Expert Commentary

Is mannitol a good alternative agent for evaluating ureteral patency after gynecologic surgery?

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Q. Is mannitol a good alternative agent for evaluating ureteral patency after gynecologic surgery?

A. Maybe, but we need more data. There was a significant difference in surgeon satisfaction with the use of mannitol as a bladder distention medium during intraoperative cystoscopy compared with normal saline infusion, oral phenazopyridine, or intravenous sodium fluorescein in an unblinded randomized trial of 130 women who underwent gynecologic surgery at a single institution.

Grimes CL, Patankar S, Ryntz R, et al. Evaluating ureteral patency in the post-indigo carmine era: a randomized controlled trial. Am J Obstet Gynecol. 2017;217(5):601.e1–e10.




Although the incidence of lower urinary tract and ureteral injury following gynecologic surgery is low, intraoperative identification of ureteral patency can prevent serious long-term sequelae. Since the indigo carmine shortage in 2014, US surgeons have searched for multiple alternative agents. Intravenous methylene blue is suboptimal due to its systemic adverse effects and the length of time for dye excretion in the urine.

Grimes and colleagues conducted a study to determine if there was any significant difference in surgeon satisfaction among 4 different alternatives to indigo carmine for intraoperative ureteral patency evaluation.

Related article:
Farewell to indigo carmine

Details of the study

The investigators conducted a randomized clinical trial of 130 women undergoing benign gynecologic or pelvic reconstructive surgery. Four different regimens were used for intraoperative ureteral evaluation: 1) oral phenazopyridine 200 mg, 2) intravenous sodium fluorescein 25 mg, 3) mannitol bladder distention, and 4) normal saline bladder distention.

Study outcomes. The primary outcome was surgeon satisfaction based on a 0 to 100 point visual analog scale rating (with 0 indicating strong agreement, 100 indicating disagreement). Secondary outcomes included ease of ureteral jet visualization, time to surgeon confidence of ureteral patency, and occurrence of adverse events over 6 weeks.

Surgeon satisfaction rating. The investigators found statistically significant physician satisfaction with the use of mannitol as a bladder distention medium over oral phenazopyridine, and slightly better satisfaction compared with the use of intravenous sodium fluorescein or normal saline distention. The median (range) visual analog scores for ureteral patency were phenazopyridine, 48 (0–83); sodium fluorescein 20 (0–82); mannitol, 0 (0–44); and normal saline, 23 (3–96) (P<.001).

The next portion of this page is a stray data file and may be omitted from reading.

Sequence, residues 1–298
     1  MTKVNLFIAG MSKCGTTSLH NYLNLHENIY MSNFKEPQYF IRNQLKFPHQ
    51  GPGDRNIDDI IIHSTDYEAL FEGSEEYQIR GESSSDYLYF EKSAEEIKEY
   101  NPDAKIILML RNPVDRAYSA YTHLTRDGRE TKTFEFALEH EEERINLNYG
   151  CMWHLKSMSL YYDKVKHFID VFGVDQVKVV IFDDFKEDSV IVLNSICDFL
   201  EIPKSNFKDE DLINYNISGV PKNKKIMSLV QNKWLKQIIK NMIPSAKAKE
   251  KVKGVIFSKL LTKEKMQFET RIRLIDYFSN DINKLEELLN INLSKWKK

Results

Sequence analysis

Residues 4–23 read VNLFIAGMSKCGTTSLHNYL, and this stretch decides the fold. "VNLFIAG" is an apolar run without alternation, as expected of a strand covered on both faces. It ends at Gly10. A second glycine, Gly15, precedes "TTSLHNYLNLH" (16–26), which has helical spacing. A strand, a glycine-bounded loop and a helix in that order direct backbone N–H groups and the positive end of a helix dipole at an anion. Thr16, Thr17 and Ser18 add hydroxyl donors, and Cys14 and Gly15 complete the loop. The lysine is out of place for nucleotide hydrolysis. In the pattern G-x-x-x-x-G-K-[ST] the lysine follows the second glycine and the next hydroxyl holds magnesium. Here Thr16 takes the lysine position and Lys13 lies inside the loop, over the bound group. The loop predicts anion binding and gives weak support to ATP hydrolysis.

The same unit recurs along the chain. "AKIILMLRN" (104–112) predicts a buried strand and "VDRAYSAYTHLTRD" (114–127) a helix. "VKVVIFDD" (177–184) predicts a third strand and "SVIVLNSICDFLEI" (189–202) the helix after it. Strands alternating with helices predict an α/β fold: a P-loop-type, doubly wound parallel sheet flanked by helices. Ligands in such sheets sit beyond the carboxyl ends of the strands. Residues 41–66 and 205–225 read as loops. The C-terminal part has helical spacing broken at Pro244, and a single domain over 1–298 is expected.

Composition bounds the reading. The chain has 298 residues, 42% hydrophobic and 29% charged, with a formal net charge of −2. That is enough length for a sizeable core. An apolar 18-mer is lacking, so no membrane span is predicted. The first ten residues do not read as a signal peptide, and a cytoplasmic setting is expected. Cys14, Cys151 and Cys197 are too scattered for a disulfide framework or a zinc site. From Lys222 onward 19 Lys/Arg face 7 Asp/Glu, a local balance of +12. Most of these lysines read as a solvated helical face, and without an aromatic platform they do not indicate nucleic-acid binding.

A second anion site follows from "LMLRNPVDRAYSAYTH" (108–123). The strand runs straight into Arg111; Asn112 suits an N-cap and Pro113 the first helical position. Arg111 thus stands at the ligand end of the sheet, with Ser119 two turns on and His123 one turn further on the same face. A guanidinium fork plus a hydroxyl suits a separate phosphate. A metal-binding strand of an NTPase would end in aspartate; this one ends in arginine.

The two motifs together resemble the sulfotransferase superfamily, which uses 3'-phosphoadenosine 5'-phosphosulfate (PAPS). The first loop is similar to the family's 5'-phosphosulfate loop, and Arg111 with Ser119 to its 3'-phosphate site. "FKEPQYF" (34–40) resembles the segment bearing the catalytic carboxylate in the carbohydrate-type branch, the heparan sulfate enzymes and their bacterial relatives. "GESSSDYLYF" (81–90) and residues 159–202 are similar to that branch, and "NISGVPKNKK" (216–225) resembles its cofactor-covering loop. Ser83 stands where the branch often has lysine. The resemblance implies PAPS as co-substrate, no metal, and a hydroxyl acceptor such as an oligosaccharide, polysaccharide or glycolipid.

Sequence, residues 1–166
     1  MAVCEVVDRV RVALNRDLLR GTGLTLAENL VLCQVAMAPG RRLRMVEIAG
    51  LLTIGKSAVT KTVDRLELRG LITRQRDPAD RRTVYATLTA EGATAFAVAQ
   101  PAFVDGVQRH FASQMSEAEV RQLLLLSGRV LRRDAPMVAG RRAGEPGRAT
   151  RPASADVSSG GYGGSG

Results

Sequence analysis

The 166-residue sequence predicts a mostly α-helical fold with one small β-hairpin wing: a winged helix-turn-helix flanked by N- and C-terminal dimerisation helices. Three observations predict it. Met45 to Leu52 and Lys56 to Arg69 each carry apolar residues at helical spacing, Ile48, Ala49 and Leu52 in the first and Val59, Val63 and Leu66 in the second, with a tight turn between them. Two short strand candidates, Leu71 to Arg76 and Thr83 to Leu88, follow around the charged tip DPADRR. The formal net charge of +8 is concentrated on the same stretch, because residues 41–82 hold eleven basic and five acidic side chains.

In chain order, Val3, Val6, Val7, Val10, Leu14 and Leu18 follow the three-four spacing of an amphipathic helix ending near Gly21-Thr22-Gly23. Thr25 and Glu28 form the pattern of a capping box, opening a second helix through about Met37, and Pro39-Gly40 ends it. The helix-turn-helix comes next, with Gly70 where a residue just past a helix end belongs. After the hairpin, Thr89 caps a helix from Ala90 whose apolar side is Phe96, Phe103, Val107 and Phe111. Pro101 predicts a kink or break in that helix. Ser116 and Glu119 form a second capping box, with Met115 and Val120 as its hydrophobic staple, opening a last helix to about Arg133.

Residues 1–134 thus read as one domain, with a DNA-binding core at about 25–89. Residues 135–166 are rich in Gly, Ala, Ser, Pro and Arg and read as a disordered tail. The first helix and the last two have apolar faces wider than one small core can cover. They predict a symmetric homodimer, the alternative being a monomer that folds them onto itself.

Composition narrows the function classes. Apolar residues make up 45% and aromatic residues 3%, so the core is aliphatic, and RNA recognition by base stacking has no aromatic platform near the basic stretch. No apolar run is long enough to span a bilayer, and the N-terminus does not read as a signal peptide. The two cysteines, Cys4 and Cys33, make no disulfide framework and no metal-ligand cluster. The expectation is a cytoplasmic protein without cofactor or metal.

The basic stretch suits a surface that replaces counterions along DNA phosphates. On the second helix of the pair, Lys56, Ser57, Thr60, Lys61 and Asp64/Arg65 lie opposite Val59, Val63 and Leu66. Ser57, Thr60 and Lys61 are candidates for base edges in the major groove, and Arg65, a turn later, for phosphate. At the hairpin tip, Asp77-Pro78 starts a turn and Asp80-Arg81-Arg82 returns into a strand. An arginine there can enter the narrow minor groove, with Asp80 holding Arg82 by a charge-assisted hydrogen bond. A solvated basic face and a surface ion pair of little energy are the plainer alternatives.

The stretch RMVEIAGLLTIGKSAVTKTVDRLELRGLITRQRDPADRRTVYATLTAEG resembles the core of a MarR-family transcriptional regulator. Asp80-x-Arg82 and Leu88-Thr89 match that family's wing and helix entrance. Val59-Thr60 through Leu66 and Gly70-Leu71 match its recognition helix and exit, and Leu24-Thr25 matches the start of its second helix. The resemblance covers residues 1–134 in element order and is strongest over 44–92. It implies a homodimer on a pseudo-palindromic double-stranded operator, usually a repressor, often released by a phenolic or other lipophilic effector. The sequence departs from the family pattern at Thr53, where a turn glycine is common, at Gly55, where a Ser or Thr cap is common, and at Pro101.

There was no difference across the 4 groups in the timing to surgeon confidence of ureteral patency, length of cystoscopy (on average, 3 minutes), and development of postoperative urinary tract infections (UTIs).

Most dissatisfaction related to phenazopyridine is the fact that the resulting orange-stained urine can obscure the bladder mucosa.

One significant adverse event was a protocol deviation in which 1 patient received an incorrect dose of IV sodium fluorescein (500 mg) instead of the recommended 25-mg dose.

Related article:
Alternative options for visualizing ureteral patency during intraoperative cystoscopy

Study strengths and weaknesses

The strength of this study is in its randomized design and power. Its major weakness is surgeon bias, since the surgeons could not possibly be blinded to the method used.

The study confirms the problem that phenazopyridine makes the urine so orange that bladder mucosal lesions and de novo hematuria could be difficult to detect. Recommending mannitol as a hypertonic distending medium (as it is used in hysteroscopy procedures), however, may be premature. Prior studies have shown increased postoperative UTIs when 50% and 10% dextrose was used versus normal saline for cystoscopy.1,2 Since the Grimes study protocol did not include postoperative urine collection for cultures, more research on UTIs after mannitol use would be needed before surgeons confidently could use it routinely.

In our practice, surgeons prefer that intravenous sodium fluorescein be administered just prior to cystoscopy and oral phenazopyridine en route to the operating room. I agree that a major disadvantage to phenazopyridine is the heavy orange staining that obscures visualization.

Finally, this study did not account for cost of the various methods; standard normal saline would be cheapest, followed by phenazopyridine.

This study showed that surgeon satisfaction was greatest with the use of mannitol as a distending medium for intraoperative evaluation of ureteral patency compared with oral phenazopyridine, intravenous sodium fluorescein, and normal saline distention. However, time to surgeon confidence of ureteral patency was similar with all 4 methods. More data are needed related to UTIs and the cost of mannitol compared with the other 3 methods.
-- Cheryl B. Iglesia, MD

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